Suddenly, Americans are losing their timidity about investing abroad. Last year, $13.7 billion poured into foreign stocks, up a huge 813 percent from 1988.
I see four strong reasons for putting maybe 20 percent or 30 percent of your money into foreign stocks:
To own a piece of other countries' growth. Right now, economic growth in Australia and parts of Europe, Asia and Latin America is faster than growth in the United States. So their stock markets should do better.
To invest in currencies other than the American dollar. U.S. investments are fine when the dollar is strong, but they lose ground against foreign investments when the dollar is weak, as it has been recently. Adjusted for dollar changes, five foreign markets beat ours during the 1980s: those of Japan, Holland, the United Kingdom, France and Germany.
To invest in the world's strongest regional trends -- the emergence of Western Europe as an economic superpower; the rebuilding of Eastern Europe; the growth of consumer markets in Asia, as its armies of workers rise to the middle class; and rapid growth in low-wage countries whose governments welcome private investors.
To reduce the risk to your investments overall. Foreign markets often are strong when U.S. markets are weak, and vice versa. If you're invested in several countries, your risk is less than if you were in one alone.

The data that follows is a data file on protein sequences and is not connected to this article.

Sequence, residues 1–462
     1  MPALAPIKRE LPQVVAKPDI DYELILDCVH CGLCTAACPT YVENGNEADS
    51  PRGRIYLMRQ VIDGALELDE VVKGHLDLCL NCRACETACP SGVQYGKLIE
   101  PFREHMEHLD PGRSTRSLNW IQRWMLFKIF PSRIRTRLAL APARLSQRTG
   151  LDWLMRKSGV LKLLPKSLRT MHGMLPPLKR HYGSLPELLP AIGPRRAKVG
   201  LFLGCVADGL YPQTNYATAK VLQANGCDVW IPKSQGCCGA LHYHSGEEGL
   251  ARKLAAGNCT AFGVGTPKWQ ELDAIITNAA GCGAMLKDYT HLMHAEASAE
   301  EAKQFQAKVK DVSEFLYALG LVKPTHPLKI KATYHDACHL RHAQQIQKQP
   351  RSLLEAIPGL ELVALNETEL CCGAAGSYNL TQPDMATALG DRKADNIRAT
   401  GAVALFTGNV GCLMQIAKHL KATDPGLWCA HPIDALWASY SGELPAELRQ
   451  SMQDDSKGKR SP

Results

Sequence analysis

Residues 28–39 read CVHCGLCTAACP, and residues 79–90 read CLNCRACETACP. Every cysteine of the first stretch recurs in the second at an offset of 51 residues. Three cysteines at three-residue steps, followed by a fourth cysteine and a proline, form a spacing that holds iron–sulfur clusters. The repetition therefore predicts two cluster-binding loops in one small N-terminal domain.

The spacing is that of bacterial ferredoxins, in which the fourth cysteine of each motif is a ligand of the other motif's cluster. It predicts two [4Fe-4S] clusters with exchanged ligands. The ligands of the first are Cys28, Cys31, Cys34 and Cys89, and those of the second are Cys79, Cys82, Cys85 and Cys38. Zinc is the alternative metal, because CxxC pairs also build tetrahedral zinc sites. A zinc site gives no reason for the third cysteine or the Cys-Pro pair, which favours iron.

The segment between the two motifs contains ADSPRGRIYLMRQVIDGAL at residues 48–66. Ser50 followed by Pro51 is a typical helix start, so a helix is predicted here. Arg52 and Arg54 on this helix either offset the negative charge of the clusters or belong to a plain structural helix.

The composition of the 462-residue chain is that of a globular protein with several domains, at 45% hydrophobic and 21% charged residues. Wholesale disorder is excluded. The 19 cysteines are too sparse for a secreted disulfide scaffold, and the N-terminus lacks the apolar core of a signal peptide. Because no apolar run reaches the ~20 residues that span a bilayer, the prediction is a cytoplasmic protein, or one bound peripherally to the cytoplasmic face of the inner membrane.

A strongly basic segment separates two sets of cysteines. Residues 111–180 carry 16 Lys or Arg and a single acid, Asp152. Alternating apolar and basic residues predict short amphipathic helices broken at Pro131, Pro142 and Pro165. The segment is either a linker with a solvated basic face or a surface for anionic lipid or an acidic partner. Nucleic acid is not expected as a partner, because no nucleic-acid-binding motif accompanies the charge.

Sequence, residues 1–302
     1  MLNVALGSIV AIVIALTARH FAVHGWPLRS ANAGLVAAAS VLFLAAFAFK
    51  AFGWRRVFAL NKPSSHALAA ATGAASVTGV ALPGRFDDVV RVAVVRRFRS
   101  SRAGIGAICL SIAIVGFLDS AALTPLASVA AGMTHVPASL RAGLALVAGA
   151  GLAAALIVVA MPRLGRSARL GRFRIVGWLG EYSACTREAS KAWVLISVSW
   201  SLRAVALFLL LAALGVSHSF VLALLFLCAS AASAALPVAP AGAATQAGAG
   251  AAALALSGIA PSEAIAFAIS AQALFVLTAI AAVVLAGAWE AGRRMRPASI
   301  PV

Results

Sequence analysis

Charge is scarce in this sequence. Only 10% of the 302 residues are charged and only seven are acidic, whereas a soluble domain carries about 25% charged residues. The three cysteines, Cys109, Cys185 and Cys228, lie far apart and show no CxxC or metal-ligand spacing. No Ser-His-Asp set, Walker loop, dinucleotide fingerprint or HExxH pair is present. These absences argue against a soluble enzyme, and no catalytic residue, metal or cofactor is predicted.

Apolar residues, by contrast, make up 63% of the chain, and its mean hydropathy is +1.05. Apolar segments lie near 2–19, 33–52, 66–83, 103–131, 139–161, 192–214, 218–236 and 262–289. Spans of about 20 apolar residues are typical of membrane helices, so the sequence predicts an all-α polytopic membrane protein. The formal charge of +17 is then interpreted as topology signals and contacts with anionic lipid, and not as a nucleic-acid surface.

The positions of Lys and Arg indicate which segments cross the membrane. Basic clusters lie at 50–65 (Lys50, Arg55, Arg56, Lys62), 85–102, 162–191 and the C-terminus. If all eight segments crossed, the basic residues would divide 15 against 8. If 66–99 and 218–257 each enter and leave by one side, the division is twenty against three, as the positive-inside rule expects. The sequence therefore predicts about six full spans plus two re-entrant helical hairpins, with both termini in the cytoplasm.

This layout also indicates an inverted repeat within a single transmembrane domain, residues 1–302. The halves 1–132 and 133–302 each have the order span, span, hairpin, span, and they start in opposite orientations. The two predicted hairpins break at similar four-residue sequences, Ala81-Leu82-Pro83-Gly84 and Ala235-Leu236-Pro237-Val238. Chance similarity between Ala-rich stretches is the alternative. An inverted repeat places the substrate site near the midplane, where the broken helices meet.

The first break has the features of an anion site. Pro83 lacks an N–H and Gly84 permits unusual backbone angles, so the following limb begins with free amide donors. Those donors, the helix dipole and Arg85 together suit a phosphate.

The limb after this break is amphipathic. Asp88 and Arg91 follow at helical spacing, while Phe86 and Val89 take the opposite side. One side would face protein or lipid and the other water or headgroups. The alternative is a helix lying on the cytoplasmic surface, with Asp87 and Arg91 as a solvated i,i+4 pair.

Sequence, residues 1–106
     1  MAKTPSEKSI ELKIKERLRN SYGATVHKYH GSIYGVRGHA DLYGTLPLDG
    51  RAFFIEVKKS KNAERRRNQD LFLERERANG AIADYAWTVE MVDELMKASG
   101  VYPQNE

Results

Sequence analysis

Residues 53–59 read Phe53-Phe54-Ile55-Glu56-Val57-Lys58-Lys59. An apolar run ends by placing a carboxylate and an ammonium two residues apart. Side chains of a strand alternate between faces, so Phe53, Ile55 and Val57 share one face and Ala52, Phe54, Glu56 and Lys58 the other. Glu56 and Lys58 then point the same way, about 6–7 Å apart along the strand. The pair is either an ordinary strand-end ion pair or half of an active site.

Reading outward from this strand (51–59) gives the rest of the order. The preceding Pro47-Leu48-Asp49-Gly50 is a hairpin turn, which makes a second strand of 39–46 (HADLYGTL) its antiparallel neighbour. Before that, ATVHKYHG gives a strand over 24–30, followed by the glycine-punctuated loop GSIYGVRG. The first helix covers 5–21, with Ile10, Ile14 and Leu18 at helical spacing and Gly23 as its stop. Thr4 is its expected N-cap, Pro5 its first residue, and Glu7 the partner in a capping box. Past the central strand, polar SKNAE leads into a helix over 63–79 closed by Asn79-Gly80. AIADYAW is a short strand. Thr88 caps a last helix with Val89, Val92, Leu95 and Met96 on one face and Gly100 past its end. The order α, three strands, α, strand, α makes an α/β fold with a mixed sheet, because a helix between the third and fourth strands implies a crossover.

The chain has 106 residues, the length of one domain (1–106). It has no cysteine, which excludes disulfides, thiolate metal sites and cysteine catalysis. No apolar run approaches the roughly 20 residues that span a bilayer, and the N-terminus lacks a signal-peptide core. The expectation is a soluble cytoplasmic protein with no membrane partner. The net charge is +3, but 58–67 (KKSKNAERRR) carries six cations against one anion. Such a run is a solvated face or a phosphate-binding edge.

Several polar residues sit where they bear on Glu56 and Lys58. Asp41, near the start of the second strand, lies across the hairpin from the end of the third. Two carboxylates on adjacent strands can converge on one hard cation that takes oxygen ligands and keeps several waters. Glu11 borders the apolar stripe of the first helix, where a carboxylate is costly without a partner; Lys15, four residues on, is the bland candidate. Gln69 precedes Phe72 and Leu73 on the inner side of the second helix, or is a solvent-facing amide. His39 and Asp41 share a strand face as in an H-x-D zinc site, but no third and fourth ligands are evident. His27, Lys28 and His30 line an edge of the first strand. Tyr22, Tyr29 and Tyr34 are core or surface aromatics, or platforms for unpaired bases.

You have to learn one new concept when you invest internationally -- what happens when the value of the dollar rises and falls on international markets. A rising dollar hurts your investment; a falling dollar means extra profits.
Take a $100 German stock whose German price remains unchanged. If the dollar drops by 5 percent against the German mark, the American price will go to $105 -- because each mark is now worth a larger number of dollars. Conversely, if the dollar rises by 5 percent, your $100 stock will drop to $95 -- because each mark is now worth fewer dollars.
Investment gains or losses in foreign markets come in two parts -- changes in the market itself and changes in currency values. Together, they make up your total yield. In the second quarter of this year, the French stock market rose 3.6 percent while the falling dollar was adding 2.4 percent to the value of the franc. Combining those gains means that the return to dollar investors came to 6 percent, according to Morgan Stanley Capital International.
The simplest way to invest abroad is through diversified, open-end mutual funds that always trade at the net asset value of the securities they own. An "international" fund buys securities everywhere but in the United States. A "global" fund buys worldwide, including the United States. A "regional" fund sticks to a small group of countries, like Europe or the Pacific Rim.
Single-country mutual funds tend to be closed-ends, which trade like stocks. If their market price is higher than the net asset value of the securities they hold, they're said to be trading "at a premium." If the market price is lower, they're "at a discount."
When you buy at a premium (or when the fund is newly issued), you're setting yourself up for a fall because these funds almost always drop to discounts, eventually. Some diversified funds also are closed-ends.